verity to tho establishment of union
and harmony.
I am not tho apologist of tlio Presi
dent, it is Rimpjy- my turn to uo him
and all others right und justice accor
ding to my own conceptions. In theso
I may greatly err, but my opinions are
formed on passing events, and with a
view only to the interests of my coun
try. It is idle to impung tho motives
and apply personal abuse to those who
differ with us in political opinions to
call names to use contemptuous epi
thets, and thus depreciate personally
thoso whoso arguments wo iiml to be
Thero is much of this that is neither
creditable or statesman-lilco iu tho
speech of Air. Trumbull, which is now
before me, but I will not commont up
on it.
My wish is that- tho Republican
party, very many of whoso members X
highly respect, may return to tho paUi
of Constitutional rectitude, and walk
ing in that path, I wish them a long
ami successful administration of their
appropriate sphere in tho affairs of
government, but if they and tho Oon
blirtition and tho Union cannot exist
together, las earnestly desiro (hoir
speedy and final overthrow.
Practically, my opinion is that a hu
mane forbearance in tho execution of
penal laws, which Bhouhl mnVo it the
lutercst of men to prefer the Union and
the laws and order to anarchy, is the
only sound policy. Somo will un
doubtedly become outlaws, but as few
as possible should be A t'ivf-li 4 1 41, af.
condition, and tho few that, baring
uecn aiiowe-d me privilege of citizens
and the right ) of property, who choso
to form themselves into predalory '
bands, whether thcvnlundr-vfimnn f,.n.l
or water, should be exterminated j an
enemies of the human race.
I hope much from the good effect of
your convention. I ant suro that it
will bo conducted in n spirit, of kind
nsss and conciliation, nt tlm cm,t ;,.n
with firmness and decision. I trust
much in its effect on public opinion
much, indeed, in ils effect on tho opin
ions and odious of tho nrosent. c!..n.
''ress. Ill'h i I I holm nt llin novl illu
sion of (his Congress, to find a stale of
feeling such that no considerable chan
ges may bo necessary to secure tho tri
umph of Constitutional yiw, and tlio
union, pence und prosperity of each
und every part of our common coun
I am, very respectfully, yours.
To the Hon. O. II. Luowninu, Washi
ngton City, I). C.
Under the Load.
Quite n number of perplexing, eub
lects iust now minor fhn Iwm.vi till r
porters of the Pepu'bliean parly. Tho
ultra radicals who have assumed tlio
entire control and management of tho
IicPllbliean orfunizatioii urn tint t.-
their wits in excusing and explaining
mom to ino voters, Among tlieni
are :
Tho Philadelphia Convention.
Loiter of Hon. Thomas Kwing.
Jfcmoval of r.-nlicnl IfciuililwMina (Vmri
office, and pulling in their placo ton
ui ,i i ivrt i ,!,.. .......
...........Vtll-'M III VII.
Pros-dent Johnson's reeoiiKlrnctvoii
i he radical advocacy of noirro Suf
The late over-wholmini flnmru-mi in
victory in Kentucky.
ino aiiatnloment ot tho radical or
ganization by the most prominent Ile
publicans in tho country.
mi i . i . i . r -.
i no eioings oi tno luto Congress in
nassiiirr Civil 1ci-ht V.ilU l'i-i.,.,lnif,i.'
I.J - - - ... , .&.x..-...vur.
Jiireau IJills, oprcssive Tariff measures
. ! . 1 1 I 1 . . . . .
voiing ot nunnrods 01 tiiousamls dol
lars extra in the pockets of the mem
bers, iVc.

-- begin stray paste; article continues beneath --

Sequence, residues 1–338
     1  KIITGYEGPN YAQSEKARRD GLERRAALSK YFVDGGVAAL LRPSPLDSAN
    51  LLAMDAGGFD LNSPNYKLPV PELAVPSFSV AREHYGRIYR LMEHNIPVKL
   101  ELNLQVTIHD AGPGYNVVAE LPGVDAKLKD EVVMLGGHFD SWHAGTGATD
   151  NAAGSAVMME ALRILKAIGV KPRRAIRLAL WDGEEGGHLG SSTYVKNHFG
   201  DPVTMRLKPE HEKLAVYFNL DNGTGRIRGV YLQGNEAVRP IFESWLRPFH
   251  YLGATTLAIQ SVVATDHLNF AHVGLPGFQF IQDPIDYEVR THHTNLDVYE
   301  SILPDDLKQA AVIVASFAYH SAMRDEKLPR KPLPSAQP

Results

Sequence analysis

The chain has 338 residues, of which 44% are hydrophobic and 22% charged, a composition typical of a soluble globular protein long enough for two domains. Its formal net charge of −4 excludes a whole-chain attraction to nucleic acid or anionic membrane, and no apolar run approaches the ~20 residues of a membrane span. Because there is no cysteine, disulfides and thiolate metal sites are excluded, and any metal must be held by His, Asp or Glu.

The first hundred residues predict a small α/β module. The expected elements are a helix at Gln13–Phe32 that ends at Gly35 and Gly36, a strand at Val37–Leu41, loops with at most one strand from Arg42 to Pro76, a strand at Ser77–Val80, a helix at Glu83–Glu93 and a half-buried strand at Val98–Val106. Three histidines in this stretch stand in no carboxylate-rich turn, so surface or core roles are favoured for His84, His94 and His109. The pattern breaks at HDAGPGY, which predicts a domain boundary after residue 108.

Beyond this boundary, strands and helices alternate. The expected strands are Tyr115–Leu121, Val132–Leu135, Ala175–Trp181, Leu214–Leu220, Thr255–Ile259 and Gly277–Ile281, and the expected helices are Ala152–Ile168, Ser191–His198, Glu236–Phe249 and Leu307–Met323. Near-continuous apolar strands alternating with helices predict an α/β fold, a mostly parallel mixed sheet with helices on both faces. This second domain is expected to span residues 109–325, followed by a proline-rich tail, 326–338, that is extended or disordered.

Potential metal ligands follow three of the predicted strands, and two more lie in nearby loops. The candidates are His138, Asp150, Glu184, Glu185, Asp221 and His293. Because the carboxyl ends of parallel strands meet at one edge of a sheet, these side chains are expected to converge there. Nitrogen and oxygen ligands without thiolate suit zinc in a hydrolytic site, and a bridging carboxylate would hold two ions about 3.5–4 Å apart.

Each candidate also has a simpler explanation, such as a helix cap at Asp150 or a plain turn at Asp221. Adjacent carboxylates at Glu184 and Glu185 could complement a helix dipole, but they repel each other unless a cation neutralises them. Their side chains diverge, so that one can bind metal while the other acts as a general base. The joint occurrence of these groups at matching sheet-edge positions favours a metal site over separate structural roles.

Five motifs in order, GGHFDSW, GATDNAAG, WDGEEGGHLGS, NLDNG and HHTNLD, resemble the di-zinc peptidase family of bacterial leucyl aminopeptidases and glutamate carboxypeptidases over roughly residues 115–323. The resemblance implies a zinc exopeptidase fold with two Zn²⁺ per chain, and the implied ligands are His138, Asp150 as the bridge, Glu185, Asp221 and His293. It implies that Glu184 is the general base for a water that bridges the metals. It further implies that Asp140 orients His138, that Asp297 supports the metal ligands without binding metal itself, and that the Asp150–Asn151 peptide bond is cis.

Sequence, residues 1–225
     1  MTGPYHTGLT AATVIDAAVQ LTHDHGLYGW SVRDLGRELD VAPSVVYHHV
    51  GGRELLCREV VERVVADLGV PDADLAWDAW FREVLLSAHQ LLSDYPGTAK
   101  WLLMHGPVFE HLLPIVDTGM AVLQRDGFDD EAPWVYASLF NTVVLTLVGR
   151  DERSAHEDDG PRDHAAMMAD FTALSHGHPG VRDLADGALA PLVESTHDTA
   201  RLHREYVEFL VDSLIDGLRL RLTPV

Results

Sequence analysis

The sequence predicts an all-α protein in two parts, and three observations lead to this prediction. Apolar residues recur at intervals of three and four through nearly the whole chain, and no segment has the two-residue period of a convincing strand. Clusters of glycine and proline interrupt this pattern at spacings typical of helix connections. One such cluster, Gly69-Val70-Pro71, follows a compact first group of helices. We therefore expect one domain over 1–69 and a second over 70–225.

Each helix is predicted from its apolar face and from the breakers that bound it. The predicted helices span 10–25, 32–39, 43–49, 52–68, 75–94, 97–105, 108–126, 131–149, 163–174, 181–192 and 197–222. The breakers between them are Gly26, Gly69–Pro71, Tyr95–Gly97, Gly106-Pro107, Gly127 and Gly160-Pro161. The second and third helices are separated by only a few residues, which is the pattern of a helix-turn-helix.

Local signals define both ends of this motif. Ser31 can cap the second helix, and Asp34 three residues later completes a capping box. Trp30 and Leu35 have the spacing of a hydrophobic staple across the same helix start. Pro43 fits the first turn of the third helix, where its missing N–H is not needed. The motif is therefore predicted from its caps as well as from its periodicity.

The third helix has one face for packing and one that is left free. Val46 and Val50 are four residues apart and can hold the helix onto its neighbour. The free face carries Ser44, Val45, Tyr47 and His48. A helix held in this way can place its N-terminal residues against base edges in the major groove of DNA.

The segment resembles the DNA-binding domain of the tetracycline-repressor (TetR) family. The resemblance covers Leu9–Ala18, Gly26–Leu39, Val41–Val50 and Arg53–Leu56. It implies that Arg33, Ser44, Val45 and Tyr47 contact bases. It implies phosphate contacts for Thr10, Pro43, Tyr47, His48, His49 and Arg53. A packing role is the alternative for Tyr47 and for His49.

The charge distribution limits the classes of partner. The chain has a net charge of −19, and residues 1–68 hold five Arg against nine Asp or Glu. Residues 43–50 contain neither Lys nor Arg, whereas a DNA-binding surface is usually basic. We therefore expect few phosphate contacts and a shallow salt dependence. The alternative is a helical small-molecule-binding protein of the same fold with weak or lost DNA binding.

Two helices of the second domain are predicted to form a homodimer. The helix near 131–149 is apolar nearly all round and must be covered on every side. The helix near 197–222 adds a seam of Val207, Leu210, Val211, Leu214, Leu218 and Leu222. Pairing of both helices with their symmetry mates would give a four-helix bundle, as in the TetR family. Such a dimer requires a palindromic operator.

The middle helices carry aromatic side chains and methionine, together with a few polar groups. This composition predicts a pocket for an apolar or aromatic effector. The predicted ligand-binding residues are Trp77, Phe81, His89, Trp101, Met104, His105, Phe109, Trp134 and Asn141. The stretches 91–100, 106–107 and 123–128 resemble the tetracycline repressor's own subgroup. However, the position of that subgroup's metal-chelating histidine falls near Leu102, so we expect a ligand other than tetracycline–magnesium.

Tho support of tho Constitutional
amendment by Colonel Granger, and
all tho leading ultra men of tho radi
cal Organization. - t
Making "eleven Irelands," eleven
Polands, eleven subjects of arbitnry,
unconstitutional and oppressive le"fs
latioti out of the Southern States.
disregard, on tho part of the majori
ty in Congress, of the spirit and letter
of the Constitution in ils most inijKir
tant features bv Tuisiiirr tnut l,.,i u ..v
eluding front their seats members, cleo-
...!: i -.i . . .
ecu in accordance witit existing statu
tes, State and Federal, ic.
The revolutionaty schemes of tho
radical" leaders as cytiokpi) 1w TimiM T
Paymoud and others, and as avowed
by Senator Wilson and liOpresontalivo
Jloutwell, of Massachusetts.
Theso and other kindred doings of
tho radical managers have- placed tho
ltcnilblicnn T.Tii ti- "iin.l.,. (1... I I
and will bo likely to keep it there.
Honest voters, lis WO firA i n fiivmnil nt-.k
daily abandoning tho Republican or
ganisation some cominiF ovur- in tli
Democrats, others connecting tbem
selvesw ith tho "National Union Party"
under the lead of President Johnson,
Secretary Seward, Senators Cowaa
l)iwi1!tll, Ttivxn iIaII.. O t
.-vvnuvji-i-wii umiukiivm, uce clonal
parties, such as tho radical is at tho
present time, cannot long exist in a
ueo country. j.no ono or tlio other
must iro down. Tim nvjnlt. nu in rlii)i
will fail cannot long bo in doubt.
Zanesville Signal.
f5 ml10 incenso hnrnivl in ihn
Chinese empire in idol worship is eaid
to cut. fi lhh nun non ....... ,u.. ri..
Tho inenso which tho Amorican Con-
gross burua annually to its ebony idol
cloesii t cost quito that much, but tho
amount is enormous.
IC? It bus been decided by Unitol
States Commissioner Purkcr, atBull'alo,
that a mau cannot roll tobacco leaves
into tho form a cigar, and siiioko thoni
himself, without taking out a (Joreru
mcnt lieoriBo as u t-igur maker.
Tho Englis.li and French jour
nals have spoken of the resignation of
Prince do Met ternich from his post of
Minister for Austria at tho Court of tho
Tuileries. A Vicuna letter btates that
he did offer to withdraw, but was not
allowed by the Emperor Francis Joseph.
rssr During tho provuloneo of a tor
nado ( tho vicinity of Calvoston, on
tho 29fchult.,a little girl, ugod ftvoyoars,
was lifted high in tho air and curried
fully fifty foct beforo alighting, but,
strange sny, no bones wore broken,
though nhe was badly bruised. -
. m i s i
SvTyTho Radicals aro carious about
tho .Philadelphia Wigwam. Qhis id
natural, as. thero they will bo ucalped